Dealing With Terrorism Anxiety
When the U.S.
Department of Homeland Security raises or even lowers the threat level
on the advisory system, the nation’s anxiety level follows suit.
As a result,
many Americans are struggling with tough questions about safety issues
and preparedness these days. But there are no easy answers, according
to an expert from the University of Michigan Health System (UMHS).
government alert system represents something that we’re not
familiar with, and when we have something that’s both unfamiliar
and threatening, that’s a good recipe for stress, anxiety,
difficulty sleeping and all that goes along with just being
worried,” said Joseph Himle, Ph.D., associate director of the
anxiety disorders program at the UMHS psychiatry department.
of the sort of stressors we’re accustomed to we have some degree
of control over — we can drive more carefully, we can stay out of
a dark alley, we can stop smoking,” Himle said. “In this
case, it’s harder for us to control the threat we face from
People usually go about their normal routines to help manage everyday stress and anxiety, he added.
and fun, rest and relaxation all help keep our lives in balance,”
Himle explained. “What can happen during times like these is that
we cut back on many of the things we use to balance our lives and help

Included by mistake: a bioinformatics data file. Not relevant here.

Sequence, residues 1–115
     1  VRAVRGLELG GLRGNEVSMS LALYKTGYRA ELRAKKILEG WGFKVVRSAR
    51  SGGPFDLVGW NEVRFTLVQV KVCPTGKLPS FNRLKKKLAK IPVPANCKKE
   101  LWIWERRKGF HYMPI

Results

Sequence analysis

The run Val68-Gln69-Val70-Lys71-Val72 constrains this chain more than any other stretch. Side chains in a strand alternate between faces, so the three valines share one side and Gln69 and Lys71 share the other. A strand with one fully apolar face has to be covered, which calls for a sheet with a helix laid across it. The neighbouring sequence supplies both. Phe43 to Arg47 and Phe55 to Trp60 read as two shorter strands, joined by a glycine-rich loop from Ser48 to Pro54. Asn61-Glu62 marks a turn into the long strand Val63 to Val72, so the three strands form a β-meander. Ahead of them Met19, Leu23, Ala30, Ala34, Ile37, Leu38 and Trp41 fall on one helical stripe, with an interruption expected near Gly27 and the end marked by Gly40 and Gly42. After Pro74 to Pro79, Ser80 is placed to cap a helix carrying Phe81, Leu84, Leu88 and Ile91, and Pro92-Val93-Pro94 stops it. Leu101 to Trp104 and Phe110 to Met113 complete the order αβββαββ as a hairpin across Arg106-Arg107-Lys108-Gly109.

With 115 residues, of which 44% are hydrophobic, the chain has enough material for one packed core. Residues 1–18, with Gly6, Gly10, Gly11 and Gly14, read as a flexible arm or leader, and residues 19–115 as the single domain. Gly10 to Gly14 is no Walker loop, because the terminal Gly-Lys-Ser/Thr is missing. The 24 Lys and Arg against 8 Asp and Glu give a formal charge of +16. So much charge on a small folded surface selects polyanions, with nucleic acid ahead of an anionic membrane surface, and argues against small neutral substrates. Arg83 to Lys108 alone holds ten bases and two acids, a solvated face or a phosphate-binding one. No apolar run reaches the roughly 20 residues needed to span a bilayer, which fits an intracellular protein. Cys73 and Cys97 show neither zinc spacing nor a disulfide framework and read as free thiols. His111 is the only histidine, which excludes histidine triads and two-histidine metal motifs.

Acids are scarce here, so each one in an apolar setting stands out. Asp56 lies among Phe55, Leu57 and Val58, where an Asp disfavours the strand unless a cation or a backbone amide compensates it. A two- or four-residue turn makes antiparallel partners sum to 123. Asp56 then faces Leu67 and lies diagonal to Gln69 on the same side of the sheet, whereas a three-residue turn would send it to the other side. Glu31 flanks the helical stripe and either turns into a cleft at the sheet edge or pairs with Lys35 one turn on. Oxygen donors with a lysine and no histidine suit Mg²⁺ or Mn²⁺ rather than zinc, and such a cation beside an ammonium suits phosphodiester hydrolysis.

control the stress. We may spend less time with others, we cut back on
exercise, we don’t do as many things for fun — we cut back
at the very time we need these activities the most.”
to maintaining a healthy balance in your life, use the body’s
natural instincts to notice when things aren’t quite right, he
people who try to keep too high a level of vigilance will find
themselves more fatigued and anxious, and often less able to respond to
a real threat,” said Himle. “[You can] end up more stressed
out than if you just went about your business and trusted your
instincts to tell you when to act.”
But preparation does seem to help ease anxiety, he noted.
ahead and preparing often makes us feel more comfortable about the
risks that we may encounter,” Himle said. “If it’s
done within reason, it probably makes sense for most people to do
something that they feel prepares them for trouble.”
And monitor your stream of information.
“Be informed, but try to avoid information overload,” he cautioned.